Prime Minister Shehbaz Sharif said on Tuesday that the government had “no other option” but to implement the International Monetary Fund (IMF) programme, calling it a “painful reality”.
Pakistan entered a $6bn IMF programme in 2019, which was increased to $7bn earlier this year. The programme’s ninth review is currently pending for the release of $1.18bn. It had earlier been put off for two months due to the PML-N-led government’s unwillingness to accept certain conditions placed before it by the Fund, and the disagreements have yet to be resolved.
Earlier this month, IMF Resident Representative for Pakistan Esther Perez Ruiz had said that discussions between Islamabad and the international moneylender on the ninth review had been “productive” so far.
Speaking at a press conference in Islamabad today, the premier said that the country had no other option but would have to implement the IMF programme and criticised the PTI for breaching its agreement with the international lender.
He lauded the nation for braving the burden of the price hike with patience.
PM Shehbaz also regretted that the government could not provide subsidies to any sector without approaching the IMF, saying that it was a “painful reality”.
During the press conference today, the prime minister revealed that the government had devised a plan to immediately convert all the federal government entities’ buildings to solar power by April to slash a huge chunk out of the country’s costly fuel import bill hovering around $27 billion.
Unveiling the details of the plan, he said the procedures for conversion of solar power should be fast-tracked as they had set April 2023 as the timeline for the implementation of this plan.
“Consider it as our political, social, national, and religious duty to implement it as soon as possible.”
PM Shehbaz highlighted that under the plan, all the federal government ministries, departments, authorities, and their offshoots in the provinces would immediately shift to solar energy.
He asserted that the project would be a model for the rest of the provincial governments as the federal government would not make additional expenditures over the solarisation process.
The prime minister said that with these urgent measures, the government would be able to generate 300MW to 500MW of cheap power, thus reducing the import bill worth billions of dollars each year.
He assured that the whole process would be conducted through transparent bidding via a third party, urging provincial chief ministers to emulate the federal government’s launched pattern and introduce solar systems in their respective provinces.
“It is the only option for our survival as a nation,” he added.
The prime minister said the process for the generation of 10,000MW solar power in the country had already commenced and such a conversion by the federal government buildings would be the first phase.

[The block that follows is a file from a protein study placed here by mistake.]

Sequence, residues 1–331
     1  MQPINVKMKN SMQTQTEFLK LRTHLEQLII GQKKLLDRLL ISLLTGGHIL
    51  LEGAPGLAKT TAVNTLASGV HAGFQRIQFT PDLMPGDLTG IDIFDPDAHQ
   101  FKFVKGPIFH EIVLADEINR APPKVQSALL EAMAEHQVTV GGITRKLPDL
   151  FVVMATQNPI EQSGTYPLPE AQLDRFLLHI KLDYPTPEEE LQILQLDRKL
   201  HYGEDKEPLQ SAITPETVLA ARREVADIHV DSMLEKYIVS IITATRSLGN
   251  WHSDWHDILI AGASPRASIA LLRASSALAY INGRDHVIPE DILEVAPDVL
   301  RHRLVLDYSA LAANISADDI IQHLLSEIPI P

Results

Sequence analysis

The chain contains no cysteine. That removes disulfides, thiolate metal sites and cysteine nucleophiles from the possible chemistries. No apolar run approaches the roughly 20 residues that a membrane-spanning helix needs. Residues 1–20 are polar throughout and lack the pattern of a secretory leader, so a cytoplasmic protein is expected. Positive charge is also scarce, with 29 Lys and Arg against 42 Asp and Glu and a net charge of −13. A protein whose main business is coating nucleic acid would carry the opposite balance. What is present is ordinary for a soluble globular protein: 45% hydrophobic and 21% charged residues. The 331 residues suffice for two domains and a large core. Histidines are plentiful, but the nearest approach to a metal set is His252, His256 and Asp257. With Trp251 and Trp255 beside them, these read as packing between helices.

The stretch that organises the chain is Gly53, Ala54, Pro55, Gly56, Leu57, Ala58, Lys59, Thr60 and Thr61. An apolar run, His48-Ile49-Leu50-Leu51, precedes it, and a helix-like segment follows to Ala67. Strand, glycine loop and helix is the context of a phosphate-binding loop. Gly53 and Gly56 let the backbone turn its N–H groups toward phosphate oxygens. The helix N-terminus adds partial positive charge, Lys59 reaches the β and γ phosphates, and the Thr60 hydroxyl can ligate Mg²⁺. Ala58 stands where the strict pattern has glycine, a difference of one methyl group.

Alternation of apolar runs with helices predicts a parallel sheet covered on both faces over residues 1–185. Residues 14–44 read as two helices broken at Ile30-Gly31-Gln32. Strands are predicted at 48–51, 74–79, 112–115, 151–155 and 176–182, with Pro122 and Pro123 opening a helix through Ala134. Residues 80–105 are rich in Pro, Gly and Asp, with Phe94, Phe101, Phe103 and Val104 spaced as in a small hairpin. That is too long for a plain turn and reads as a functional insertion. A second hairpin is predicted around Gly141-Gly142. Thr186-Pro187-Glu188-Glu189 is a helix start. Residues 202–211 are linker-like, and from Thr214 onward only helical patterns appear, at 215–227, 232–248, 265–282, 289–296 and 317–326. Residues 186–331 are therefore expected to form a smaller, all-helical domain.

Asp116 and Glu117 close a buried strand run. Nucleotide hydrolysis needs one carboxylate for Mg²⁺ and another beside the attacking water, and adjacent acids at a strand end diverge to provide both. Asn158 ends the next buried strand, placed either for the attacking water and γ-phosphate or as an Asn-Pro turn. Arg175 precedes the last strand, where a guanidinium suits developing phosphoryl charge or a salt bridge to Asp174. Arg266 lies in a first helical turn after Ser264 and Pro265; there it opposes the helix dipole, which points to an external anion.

Enumerating the economic challenges faced by the country due to skyrocketing fuel and gas prices after the Russia-Ukraine conflict, he said developing countries like Pakistan had to bear the brunt.
PM Shehbaz said that the $27 billion costly fuel import bill was a big challenge for countries like Pakistan, adding the ongoing conflict had also surged prices of gas and worsened its availability as the supply to Europe was disrupted.
The prime minister said that during the Covid pandemic, the prices of gas crashed to the lowest and it was sold at $2 per unit, but the then government committed criminal negligence by not securing its import and now the whole nation had been suffering because of that decision.
He recalled that during former prime minister Nawaz Sharif’s tenure, a 15-year agreement for the purchase of LNG at 13.2 per cent of the Brent was reached with Qatar, but unfortunately, it was politicised by the previous government.
“Now, due to the global situation, gas is not available while fuel is being sold at an exorbitant price in the global market,” he said, adding that authorities would have to convert to solar and renewable energy with lightning speed.
The prime minister said that the past governments had not carried out reforms that swelled the circular debt and costly power generated.
He cited issues like power theft, transmission losses, and expensive fuels as the reasons behind power production, saying that circular debt in the power sector had reached to whopping Rs2.5 trillion.
PM Shehbaz regretted that lack of responsibility and the backlog of years had turned the circular debt into a huge mountain. “Those governments had committed negligence that did not introduce reforms to reduce the circular debt”.
He said the federal coalition government was an eight-month nascent one facing a mountain of challenges that kept on piling for decades and expressed the resolve to slowly and gradually overcome these with commitment.
Referring to current economic challenges, the prime minister pointed out that the entire nation was expecting them to give them respite from the price hike.
He maintained that no development should be expected when the government had to pay $27 billion on expensive fuel and spend their local resources on its import.
“Only through the conservation of their resources in a proper manner like solar and renewable resources, they would be able to generate inexpensive electricity,” PM Shehbaz concluded.